Chester gets state grant for EV charging station Hopes to have Cobleigh site up by late summer

By Cynthia Prairie
©2019 Telegraph Publishing LLC

Chester is one of nine towns and organizations to be awarded a state grant to install an electric vehicle charging station.

Gov. Phil Scott announced the $400,000 in Electric Vehicle Supply Equipment Grant Program awards last week.

An EV station. Photo from State of Vermont.

Town Administrative Assistant Julie Hance, who wrote the grant proposal for Chester, said on Tuesday, after returning from vacation, “It was a nice surprise to come back to. Another initiative from the Master Plan will be completed!”

The grant amount of $24,964 will almost completely pay for the $35,464 cost of installing two ChargePoint units that are capable of servicing four vehicles at once. Hance said $1,500 of the cost will be covered by site work the town does and the remaining $9,000 will come from the town’s grant fund.

The units will be installed on pavement near Cobleigh Field, where the old ice skating rink has been converted into additional parking.

The town is “shooting for this summer” to have the EV station installed, but Hance said it would likely be late summer.

She added that during the first year of the program, the town will not charge for using the station. “We intend to use this first year to gauge the usage and what the cost would be to the town,” she said.  Both units, she added, “come with the ability for us to begin charging at some point in the future.”

Vermont currently has 207 charging stations, including ones in Londonderry, Peru, Grafton, Springfield,  Ludlow, Townshend and Newfane.

Besides Chester, also awarded grant money were Highgate, Norwich and Warren, the city of Montpelier, Marlboro College, Vermont Law School, City Place in Burlington and Healthy Living Market in South Burlington. The grant money comes from funds awarded to Vermont in the Volkswagen Mitigation settlement after the company violated the Clean Air Act.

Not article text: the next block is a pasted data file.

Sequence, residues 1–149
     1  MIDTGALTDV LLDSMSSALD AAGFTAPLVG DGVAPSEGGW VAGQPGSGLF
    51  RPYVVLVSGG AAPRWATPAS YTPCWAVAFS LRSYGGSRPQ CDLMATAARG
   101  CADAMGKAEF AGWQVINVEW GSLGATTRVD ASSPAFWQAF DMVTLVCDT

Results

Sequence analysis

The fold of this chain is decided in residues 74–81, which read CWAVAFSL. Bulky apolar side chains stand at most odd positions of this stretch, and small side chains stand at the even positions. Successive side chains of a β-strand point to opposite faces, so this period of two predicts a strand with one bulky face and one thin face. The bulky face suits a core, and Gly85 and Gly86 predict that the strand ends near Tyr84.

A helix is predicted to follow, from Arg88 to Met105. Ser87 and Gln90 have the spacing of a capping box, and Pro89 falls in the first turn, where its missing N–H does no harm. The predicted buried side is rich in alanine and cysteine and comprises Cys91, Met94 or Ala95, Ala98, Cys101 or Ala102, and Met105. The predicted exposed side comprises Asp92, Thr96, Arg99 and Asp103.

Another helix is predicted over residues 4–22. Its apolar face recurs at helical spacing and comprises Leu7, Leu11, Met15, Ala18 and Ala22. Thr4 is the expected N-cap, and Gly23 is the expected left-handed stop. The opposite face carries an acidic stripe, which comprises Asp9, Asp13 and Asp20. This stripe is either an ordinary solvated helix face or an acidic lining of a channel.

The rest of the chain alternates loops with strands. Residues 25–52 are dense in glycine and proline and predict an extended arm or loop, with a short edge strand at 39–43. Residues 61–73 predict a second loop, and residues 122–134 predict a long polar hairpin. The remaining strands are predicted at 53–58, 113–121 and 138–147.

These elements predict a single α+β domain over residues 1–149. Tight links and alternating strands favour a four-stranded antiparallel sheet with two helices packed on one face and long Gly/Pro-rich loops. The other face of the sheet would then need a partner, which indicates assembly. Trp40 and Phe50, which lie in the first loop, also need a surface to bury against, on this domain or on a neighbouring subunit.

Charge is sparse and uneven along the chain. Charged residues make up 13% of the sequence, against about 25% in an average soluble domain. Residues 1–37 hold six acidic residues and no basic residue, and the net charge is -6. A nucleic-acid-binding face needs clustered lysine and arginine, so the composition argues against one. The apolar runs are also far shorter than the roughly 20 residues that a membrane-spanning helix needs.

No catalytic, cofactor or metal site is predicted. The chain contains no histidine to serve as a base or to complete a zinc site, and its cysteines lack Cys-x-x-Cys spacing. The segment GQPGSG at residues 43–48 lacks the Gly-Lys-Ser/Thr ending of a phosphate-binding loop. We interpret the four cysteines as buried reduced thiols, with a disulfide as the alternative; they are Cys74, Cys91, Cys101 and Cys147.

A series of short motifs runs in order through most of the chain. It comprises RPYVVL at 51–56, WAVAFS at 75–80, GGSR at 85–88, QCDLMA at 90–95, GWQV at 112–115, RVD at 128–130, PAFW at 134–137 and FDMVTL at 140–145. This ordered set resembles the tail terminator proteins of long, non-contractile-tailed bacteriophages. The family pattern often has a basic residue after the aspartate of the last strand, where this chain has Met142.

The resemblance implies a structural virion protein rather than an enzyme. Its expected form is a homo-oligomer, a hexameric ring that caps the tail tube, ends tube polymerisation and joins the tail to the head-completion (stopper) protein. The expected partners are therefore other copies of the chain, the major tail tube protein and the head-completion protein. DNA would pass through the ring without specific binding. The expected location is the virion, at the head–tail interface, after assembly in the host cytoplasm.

“Electric car use is taking off in Vermont,” said David Roberts, of Drive Electric Vermont, a statewide coalition of policy makers, industry leaders and citizens dedicated to promoting the use of electric transportation. “Expanding our charging network makes it easier for Vermonters and visitors to go electric.”

Over the next several years, the state expects the EVSE program to deliver $2.4 million to Vermont communities to fund EV charging stations in key areas, including work places, state designated centers, highway corridors, public park and rides, multi-unit housing and major attractions like ski areas and other tourist destinations.

Notice for a second round of grant funding will be announced by the Vermont Department of Housing and Community Development later this month, with applications due April 30. More information about the EVSE Grant Program is available by clicking here.

 

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About the Author: Cynthia Prairie has been a newspaper editor more than 30 years. She has worked at such publications as the Raleigh Times, the Baltimore News American, the Buffalo Courier Express, the Chicago Sun-Times and the Patuxent Publishing chain of community newspapers in Maryland. She and her family moved to Chester, Vermont in 2004.

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